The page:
In their 2015 election manifesto the Conservative party pledged to take the family home out of tax by increasing the effective inheritance tax threshold for married couples and civil partners to £1million.
The implementation of this is not – as most people assumed it would be, a simple increase in the tax free allowance available on death (the ‘nil rate band’) – this will remain frozen at £325,000. Instead, an additional allowance ‘the residence nil rate band’ is to be introduced from April 2017 starting at £100,000 and increasing annually by £25,000 to its maximum of £175,000 by 2020/21. So that means that by 20/21 a couple will have 2 of each allowance between them totalling £1million – right? Well in some cases yes, but not in all cases, because the new allowance will not be available to everyone – and there will be restrictions as to which estates will qualify.
So how does an estate qualify? Well, the extra allowance applies specifically to residential property included in an individual’s estate on death which is left to ‘direct descendants’. So – if you own a property worth at least the amount of the new allowance, you are leaving it to children and your estate is below £2million then you will qualify. The relief is withdrawn by £1 for every £2 the estate exceeds £2m – so for an individual it is lost completely at £2.35m and for a couple at £2.7m. Crucially, the estate is calculated before any reliefs – so if it is shares in a private company that is tipping your estate over the £2m mark, although these may qualify for Business Property Relief resulting in no tax being payable on your estate, you will not qualify for the new allowance. You will not however qualify for the extra allowance if your property is being left to other relatives or friends, or into most types of trust. For example, if you are leaving your property to grandchildren at the age of 21 (for instance if your son or daughter has predeceased you), and when you die your grandchildren have not yet reached 21, this would count as a trust, and that share of your estate would not qualify for the extra allowance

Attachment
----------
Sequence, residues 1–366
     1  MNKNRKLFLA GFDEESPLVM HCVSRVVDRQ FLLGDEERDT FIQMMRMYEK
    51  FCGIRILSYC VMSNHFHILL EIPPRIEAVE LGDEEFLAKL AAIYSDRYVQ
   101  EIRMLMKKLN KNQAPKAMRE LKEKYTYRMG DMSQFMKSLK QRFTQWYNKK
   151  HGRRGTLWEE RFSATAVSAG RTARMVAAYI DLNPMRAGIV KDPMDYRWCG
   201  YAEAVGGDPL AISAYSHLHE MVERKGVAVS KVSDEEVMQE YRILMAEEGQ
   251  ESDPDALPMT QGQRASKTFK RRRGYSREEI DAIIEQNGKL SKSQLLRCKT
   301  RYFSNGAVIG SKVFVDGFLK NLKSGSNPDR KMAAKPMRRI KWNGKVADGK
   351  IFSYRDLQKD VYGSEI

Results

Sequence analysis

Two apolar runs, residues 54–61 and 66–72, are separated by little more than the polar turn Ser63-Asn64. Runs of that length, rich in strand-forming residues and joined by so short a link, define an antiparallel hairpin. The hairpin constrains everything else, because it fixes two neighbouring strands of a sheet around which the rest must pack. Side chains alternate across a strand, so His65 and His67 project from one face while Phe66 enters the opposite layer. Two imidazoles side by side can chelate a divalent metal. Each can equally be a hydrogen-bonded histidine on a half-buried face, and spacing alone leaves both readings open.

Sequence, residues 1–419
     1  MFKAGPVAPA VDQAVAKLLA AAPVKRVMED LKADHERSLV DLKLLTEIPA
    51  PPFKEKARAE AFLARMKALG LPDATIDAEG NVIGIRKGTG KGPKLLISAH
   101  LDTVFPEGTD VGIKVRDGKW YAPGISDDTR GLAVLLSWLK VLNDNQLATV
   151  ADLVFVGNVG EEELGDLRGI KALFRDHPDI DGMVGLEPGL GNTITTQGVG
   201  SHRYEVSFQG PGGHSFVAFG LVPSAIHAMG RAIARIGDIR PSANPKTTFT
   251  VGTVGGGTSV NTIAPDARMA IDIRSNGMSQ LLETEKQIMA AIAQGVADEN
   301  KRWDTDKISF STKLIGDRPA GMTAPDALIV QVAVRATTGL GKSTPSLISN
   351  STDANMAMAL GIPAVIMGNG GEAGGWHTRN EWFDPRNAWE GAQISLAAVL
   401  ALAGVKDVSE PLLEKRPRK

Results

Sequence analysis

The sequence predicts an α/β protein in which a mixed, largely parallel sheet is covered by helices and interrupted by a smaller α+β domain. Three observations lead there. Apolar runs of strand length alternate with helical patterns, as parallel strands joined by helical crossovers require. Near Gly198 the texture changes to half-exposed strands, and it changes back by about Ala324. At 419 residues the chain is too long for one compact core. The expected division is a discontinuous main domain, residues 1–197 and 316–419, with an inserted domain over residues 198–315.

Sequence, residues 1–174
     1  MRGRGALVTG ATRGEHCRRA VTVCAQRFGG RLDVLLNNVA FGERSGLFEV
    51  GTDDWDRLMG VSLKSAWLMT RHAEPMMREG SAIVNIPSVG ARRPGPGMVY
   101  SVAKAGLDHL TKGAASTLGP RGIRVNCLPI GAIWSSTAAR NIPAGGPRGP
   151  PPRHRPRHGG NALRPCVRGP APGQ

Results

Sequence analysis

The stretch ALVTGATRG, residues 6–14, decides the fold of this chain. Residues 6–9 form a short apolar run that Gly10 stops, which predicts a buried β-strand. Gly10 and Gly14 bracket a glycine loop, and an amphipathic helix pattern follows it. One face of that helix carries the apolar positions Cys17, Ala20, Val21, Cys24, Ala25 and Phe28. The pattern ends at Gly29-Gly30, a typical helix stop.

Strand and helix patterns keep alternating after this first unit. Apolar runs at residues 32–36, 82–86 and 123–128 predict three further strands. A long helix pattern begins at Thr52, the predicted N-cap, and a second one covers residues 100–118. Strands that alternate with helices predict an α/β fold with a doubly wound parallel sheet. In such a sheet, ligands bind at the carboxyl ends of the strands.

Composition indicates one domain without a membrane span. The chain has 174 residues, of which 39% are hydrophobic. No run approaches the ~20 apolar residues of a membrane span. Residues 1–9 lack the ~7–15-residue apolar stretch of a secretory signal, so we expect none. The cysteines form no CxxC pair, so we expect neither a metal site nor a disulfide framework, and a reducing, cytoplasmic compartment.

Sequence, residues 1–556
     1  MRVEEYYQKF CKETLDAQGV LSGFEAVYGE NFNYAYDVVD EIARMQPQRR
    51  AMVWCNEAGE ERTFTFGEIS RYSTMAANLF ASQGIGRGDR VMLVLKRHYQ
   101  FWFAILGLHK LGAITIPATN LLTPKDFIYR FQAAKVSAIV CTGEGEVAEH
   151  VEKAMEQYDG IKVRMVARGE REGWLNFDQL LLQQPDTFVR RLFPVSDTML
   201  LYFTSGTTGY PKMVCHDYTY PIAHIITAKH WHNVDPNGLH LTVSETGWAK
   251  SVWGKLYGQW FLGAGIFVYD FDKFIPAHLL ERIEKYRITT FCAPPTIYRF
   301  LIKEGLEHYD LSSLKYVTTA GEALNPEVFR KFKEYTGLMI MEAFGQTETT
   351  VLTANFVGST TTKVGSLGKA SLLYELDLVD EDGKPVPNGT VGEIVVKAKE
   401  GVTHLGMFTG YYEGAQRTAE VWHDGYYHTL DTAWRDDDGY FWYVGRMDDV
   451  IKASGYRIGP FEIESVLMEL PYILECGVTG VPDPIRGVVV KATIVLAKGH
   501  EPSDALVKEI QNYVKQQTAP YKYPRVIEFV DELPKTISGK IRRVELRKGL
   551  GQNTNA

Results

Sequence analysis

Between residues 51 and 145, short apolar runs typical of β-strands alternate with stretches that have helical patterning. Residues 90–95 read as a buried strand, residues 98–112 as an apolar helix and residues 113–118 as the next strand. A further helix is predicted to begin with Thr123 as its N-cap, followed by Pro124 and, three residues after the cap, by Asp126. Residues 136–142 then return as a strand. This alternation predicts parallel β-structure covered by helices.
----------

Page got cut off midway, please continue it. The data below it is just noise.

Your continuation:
The extra allowance is not automatic and has to be claimed, and if you don’t meet the qualifying criteria it simply won’t be available. The conditions and strings, definitions and amendments are too complicated to fully include in this article and individual circumstances need to be fully assessed. It is very important therefore to get good advice, review your will and consider how you hold assets to try and ensure that you plan as best you can for the future.